Using the TSL13S is straightforward - connect power and ground to the appropriate pins to turn it on. To interface with a microcontroller, simply connect the output pin to an ADC pin. The TSL13S maybe used in a comparator circuit as well, so connect the output pin to one of the inputs of the op amp in that circuit.
Code for Arduino and Processing.
The graph below shows an approximation of the ranges of types of light (ultraviolet, visible, infrared) and the spectral response of the sensor. Note that almost half of the response occurs in the IR range.
This sensor is extremely responsive - even picking up the 60Hz AC oscillations (the undulating yellow line on the scope readout below) in the fluorescent lights in the room I was working in . The frequency of the wavelength is ~120Hz (the 'Delta' menu on the oscilloscope on the right says "119.0Hz") which corresponds to 2 X 60Hz.
The sensor seemed to have a slightly slower response time than the 8µs the datasheet indicated it would. I found that the response time was 20µs for both rising and falling edge time (but I was not doing my readings under the strict control the datasheet information was gleaned from). 20µs is still plenty quick. Here's a photo of the rise time:
I did not notice any particularly peculiar behavior in the sensor, except that it seemed to have an affinity for light near the red end of the spectrum. It also seemed to not sense green light as well as it did red and blue, though this may have been due to the type of green LED I was using.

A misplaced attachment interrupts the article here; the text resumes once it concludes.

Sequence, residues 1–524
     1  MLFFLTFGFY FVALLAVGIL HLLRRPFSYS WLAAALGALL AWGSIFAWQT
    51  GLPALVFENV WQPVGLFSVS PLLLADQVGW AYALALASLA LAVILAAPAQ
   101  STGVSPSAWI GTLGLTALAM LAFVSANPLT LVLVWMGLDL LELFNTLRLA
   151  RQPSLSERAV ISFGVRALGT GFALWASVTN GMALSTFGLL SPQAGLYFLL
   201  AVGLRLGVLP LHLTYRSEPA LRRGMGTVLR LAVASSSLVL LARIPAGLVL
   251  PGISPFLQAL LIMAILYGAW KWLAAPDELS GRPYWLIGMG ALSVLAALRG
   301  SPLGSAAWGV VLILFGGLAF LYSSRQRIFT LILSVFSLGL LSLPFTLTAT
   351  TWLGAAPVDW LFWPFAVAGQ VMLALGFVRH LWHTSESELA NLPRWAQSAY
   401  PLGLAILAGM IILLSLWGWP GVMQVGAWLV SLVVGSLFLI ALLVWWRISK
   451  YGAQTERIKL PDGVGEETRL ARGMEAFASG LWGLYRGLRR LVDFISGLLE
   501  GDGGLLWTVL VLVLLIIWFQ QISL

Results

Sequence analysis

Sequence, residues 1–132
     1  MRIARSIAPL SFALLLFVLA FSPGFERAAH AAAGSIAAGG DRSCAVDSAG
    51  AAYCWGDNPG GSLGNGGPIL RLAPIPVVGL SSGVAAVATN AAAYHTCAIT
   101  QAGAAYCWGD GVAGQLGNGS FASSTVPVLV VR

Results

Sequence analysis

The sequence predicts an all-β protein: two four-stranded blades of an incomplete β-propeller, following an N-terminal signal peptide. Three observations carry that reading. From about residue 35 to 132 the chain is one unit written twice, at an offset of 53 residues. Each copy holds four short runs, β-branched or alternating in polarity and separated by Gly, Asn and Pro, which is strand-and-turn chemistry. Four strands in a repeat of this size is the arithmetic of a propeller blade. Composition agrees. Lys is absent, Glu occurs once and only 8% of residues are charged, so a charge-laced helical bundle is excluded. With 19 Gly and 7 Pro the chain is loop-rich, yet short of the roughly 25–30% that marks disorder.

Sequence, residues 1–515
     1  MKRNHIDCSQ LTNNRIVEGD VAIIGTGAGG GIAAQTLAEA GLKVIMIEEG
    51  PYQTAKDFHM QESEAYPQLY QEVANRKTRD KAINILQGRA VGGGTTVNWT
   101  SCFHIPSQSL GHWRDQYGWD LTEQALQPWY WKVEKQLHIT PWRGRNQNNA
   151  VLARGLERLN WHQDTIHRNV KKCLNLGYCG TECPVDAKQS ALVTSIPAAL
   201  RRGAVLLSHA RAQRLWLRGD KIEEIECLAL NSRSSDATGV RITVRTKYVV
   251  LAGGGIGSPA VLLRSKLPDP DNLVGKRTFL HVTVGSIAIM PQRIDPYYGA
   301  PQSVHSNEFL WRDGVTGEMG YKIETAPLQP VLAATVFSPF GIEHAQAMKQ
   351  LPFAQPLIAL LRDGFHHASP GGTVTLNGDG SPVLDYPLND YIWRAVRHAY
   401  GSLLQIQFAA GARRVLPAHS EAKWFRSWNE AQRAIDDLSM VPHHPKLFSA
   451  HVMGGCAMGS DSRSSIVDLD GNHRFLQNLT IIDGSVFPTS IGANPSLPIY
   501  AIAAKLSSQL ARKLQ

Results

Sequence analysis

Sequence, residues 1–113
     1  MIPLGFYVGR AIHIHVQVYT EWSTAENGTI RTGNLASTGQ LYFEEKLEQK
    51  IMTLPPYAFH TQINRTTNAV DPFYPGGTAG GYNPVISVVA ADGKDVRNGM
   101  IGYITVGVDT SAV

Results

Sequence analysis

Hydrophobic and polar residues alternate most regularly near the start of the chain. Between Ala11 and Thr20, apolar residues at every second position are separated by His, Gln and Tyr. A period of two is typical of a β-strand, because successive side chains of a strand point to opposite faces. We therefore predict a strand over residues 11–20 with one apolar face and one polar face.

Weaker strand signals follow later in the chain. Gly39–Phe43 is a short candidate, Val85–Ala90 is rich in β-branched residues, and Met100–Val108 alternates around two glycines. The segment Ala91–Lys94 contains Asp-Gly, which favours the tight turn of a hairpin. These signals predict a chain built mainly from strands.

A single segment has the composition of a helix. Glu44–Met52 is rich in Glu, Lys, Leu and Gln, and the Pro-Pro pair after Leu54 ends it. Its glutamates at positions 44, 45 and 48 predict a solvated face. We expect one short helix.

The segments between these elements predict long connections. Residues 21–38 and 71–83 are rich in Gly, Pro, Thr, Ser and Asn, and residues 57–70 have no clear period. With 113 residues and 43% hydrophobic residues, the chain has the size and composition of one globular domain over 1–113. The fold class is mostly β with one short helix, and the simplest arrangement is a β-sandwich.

I used this sensor to make a very simple, low resolution scanner. I attached a cardboard tube to a wooden board and placed a TSL13S and a tricolor LED (common anode) inside that tube against the wood facing the open end of the tube. I programmed the arduino to cycle through the three colors of the LED, taking a reading of the reflected light the sensor picked up for each color. The cycle went something like this:
- Turn on red LED
- Take a sensor reading of how much red light is reflected back. (The more 'red' something is, the more light will be reflected)
- Send that value to Processing applet
- Turn off red LED
- Repeat with green, then blue LEDs
I realized how nice it is to have a digital camera that has a nice white balance function early on in this project, since I had calibrate my own white balance in this circuit. Because the LED's were of different intensities and the sensor prefers red and infrared light, I tuned the intensity of each LED with different resistor values so that the sensor output the same voltage for each color when it was scanning a white sheet of paper (i.e., custom white balance). I was using a common anode Tricolor LED from Super Bright LEDs. I used a 470-ohm resistor for the red LED, a 47-ohm resistor for green, and a 380-ohm on blue. In doing this, the sensor output approximately 950mV for each individual color on a sheet of white paper:
I could have used an amplifier to boost the signal to 5V before it got to the arduino, but I chose to amplify and normalize the sensor values in the processing code like this: normalizedScaledValue = (sensorvalue * 5) / 1023;
My code for both the Arduino and Processing are available here.
This photograph shows the TSL13S picking up the refresh rate (~990 HZ) of my cell phone's LCD display: